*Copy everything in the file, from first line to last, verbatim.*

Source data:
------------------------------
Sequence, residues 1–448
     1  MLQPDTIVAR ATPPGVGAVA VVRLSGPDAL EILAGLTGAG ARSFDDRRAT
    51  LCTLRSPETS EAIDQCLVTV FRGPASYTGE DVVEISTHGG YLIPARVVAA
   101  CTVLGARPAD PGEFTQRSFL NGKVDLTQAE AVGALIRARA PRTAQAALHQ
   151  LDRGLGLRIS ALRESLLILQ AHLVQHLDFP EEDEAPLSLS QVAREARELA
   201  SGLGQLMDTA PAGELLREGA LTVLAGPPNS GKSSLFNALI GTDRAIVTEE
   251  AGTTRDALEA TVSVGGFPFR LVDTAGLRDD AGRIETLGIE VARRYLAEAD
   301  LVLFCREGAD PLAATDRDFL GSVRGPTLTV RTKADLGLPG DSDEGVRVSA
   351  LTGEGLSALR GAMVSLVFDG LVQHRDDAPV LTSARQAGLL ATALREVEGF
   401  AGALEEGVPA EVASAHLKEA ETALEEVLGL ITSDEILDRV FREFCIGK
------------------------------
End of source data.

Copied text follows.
Sequence, residues 1–448
     1  MLQPDTIVAR ATPPGVGAVA VVRLSGPDAL EILAGLTGAG ARSFDDRRAT
    51  LCTLRSPETS EAIDQCLVTV FRGPASYTGE DVVEISTHGG YLIPARVVAA
   101  CTVLGARPAD PGEFTQRSFL NGKVDLTQAE AVGALIRARA PRTAQAALHQ
   151  LDRGLGLRIS ALRESLLILQ AHLVQHLDFP EEDEAPLSLS QVAREARELA
   201  SGLGQLMDTA PAGELLREGA LTVLAGPPNS GKSSLFNALI GTDRAIVTEE
   251  AGTTRDALEA TVSVGGFPFR LVDTAGLRDD AGRIETLGIE VARRYLAEAD
   301  LVLFCREGAD PLAATDRDFL GSVRGPTLTV RTKADLGLPG DSDEGVRVSA
   351  LTGEGLSALR GAMVSLVFDG LVQHRDDAPV LTSARQAGLL ATALREVEGF
   401  AGALEEGVPA EVASAHLKEA ETALEEVLGL ITSDEILDRV FREFCIGK